This is a warning to all student activists: capitalism in Israel cannot stand even the most elementary democratic demands of the students' movement. At one point or another, if the struggle does not spread, police repression will set in. In many cases the police, in other countries but in Israel as well, had its own agents impersonating as protesters and provoked the policemen into repressing the movement. In the end, there will come a point when simply being careful or peaceful just won't do.
The way forward
Granted, the strike and demonstration are steps in the right direction. That the lecturers and teachers have joined the students in their strike is excellent as well. But in order to win anything, the ruling class must be hurt in the only place it cares about: its profits. This none of the above mentioned groups can do, no matter what numbers or what level of militancy is displayed. The orientation must be towards the working class.
The workers, especially those organized in the Histadrut, wish to bring down the Olmert government. They are looking for an alternative. The workers of the local councils have not been paid for months, some for years. They too have children who will one day want to study at the universities - some are parents to students. They have every reason to support the struggle of the students. On the other hand there are the students themselves, many of whom work part-time or full-time jobs in order to pay their already ridiculously high tuition. They certainly have an interest as well in the struggle of the workers, including the teachers. They also have an interest in putting an end to the bloody occupation of Palestine, which puts millions of innocent people in virtual ghettos, provokes terrorism, and gives the government an excuse to cut all other budgets for the sake of "security" and for funding the criminal enterprise of the settlements. This interest of the students, teachers, and workers to struggle transcends all ethnic, national, or religious interests: it is the interest of the masses - just as the interests of the state are the interests of the ruling class.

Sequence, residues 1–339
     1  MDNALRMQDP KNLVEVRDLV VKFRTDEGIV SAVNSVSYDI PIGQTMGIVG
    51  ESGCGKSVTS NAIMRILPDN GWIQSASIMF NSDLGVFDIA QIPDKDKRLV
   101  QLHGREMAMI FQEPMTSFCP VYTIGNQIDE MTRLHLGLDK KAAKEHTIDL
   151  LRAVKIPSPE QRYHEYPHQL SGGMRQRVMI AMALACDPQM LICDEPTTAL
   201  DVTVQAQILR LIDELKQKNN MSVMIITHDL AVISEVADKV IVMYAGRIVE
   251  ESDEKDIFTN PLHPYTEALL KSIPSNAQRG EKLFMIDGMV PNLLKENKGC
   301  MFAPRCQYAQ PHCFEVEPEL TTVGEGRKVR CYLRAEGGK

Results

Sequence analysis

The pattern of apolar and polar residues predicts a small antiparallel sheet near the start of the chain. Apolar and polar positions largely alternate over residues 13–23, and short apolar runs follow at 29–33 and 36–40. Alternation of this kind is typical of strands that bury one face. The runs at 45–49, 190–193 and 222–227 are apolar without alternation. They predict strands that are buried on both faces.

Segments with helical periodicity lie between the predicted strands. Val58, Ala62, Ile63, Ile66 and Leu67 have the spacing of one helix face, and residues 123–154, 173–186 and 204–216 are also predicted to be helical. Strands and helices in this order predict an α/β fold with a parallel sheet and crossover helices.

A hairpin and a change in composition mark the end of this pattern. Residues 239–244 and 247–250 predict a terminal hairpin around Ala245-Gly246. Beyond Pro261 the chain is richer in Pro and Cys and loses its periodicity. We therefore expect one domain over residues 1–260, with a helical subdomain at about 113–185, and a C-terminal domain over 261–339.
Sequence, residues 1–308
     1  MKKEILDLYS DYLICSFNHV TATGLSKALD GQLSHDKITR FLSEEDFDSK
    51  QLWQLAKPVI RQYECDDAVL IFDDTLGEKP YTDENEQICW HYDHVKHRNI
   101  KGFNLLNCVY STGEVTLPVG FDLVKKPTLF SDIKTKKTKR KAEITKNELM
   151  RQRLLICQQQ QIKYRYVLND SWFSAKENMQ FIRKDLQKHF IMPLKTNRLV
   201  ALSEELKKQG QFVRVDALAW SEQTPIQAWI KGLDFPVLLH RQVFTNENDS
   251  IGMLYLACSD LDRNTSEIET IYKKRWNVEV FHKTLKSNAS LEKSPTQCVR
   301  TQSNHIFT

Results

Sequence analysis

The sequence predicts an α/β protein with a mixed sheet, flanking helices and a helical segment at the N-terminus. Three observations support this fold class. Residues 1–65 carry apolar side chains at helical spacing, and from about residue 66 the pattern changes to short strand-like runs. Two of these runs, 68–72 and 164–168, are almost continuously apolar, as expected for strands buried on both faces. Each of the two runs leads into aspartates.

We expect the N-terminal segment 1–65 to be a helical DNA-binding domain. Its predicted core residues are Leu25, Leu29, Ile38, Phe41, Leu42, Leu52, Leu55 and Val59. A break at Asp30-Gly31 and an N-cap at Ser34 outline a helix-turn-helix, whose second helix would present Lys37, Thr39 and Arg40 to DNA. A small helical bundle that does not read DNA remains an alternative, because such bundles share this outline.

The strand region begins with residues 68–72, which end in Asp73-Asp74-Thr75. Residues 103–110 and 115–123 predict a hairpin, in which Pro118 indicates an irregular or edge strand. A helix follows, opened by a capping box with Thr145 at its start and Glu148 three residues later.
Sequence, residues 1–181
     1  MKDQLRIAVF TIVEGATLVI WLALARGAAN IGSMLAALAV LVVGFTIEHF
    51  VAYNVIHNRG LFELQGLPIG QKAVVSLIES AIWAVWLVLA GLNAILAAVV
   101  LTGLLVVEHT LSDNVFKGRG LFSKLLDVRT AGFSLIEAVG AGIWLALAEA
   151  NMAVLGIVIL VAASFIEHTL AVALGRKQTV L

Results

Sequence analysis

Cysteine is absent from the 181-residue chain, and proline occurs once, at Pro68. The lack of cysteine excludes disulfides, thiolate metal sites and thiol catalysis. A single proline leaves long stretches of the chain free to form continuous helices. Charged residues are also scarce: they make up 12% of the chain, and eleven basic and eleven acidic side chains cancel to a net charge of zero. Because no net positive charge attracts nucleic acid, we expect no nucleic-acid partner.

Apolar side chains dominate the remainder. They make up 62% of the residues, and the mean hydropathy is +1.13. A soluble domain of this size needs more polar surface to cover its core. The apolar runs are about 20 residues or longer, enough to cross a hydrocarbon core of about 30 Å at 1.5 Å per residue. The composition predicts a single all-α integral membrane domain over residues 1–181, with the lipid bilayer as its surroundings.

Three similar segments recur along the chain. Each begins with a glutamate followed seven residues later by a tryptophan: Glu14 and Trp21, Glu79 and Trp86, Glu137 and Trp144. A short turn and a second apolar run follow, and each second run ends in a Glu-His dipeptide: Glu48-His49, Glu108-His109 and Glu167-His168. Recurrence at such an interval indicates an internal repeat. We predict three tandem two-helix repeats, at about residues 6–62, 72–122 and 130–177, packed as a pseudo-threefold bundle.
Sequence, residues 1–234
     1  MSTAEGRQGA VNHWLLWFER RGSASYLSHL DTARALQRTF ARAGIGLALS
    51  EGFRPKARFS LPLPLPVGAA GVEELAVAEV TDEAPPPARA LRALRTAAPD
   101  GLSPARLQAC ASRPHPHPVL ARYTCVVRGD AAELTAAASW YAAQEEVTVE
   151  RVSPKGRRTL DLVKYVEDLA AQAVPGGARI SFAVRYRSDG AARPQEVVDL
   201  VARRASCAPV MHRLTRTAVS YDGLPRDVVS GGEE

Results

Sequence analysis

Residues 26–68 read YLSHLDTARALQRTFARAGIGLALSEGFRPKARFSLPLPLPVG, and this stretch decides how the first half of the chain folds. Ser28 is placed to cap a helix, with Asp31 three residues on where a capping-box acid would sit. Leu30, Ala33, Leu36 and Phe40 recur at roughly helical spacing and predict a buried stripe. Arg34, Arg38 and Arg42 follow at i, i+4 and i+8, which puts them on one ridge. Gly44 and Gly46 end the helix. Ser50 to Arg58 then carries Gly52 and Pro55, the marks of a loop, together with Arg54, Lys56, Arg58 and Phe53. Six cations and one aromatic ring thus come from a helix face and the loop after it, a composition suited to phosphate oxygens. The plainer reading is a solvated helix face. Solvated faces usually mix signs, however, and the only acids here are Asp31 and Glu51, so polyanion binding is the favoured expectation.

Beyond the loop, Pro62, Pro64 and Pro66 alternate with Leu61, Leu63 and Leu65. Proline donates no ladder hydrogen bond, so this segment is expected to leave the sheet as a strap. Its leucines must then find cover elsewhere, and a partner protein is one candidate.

A 24-hour general strike of the entire workforce, with the support of the teachers and students, with councils of action established at every university and workplace in order to prevent the strike from being manipulated like the last general strike, will ensure victory over the Olmert government - a victory which will galvanize all of society to the cause of the working class and socialism.
No to the right-wing government of Olmert!
No to the Shochat Committee!
For free education for all, from kindergarten to university!
Labor Party out of the Government! Fight for a government of workers' and left parties on a socialist program!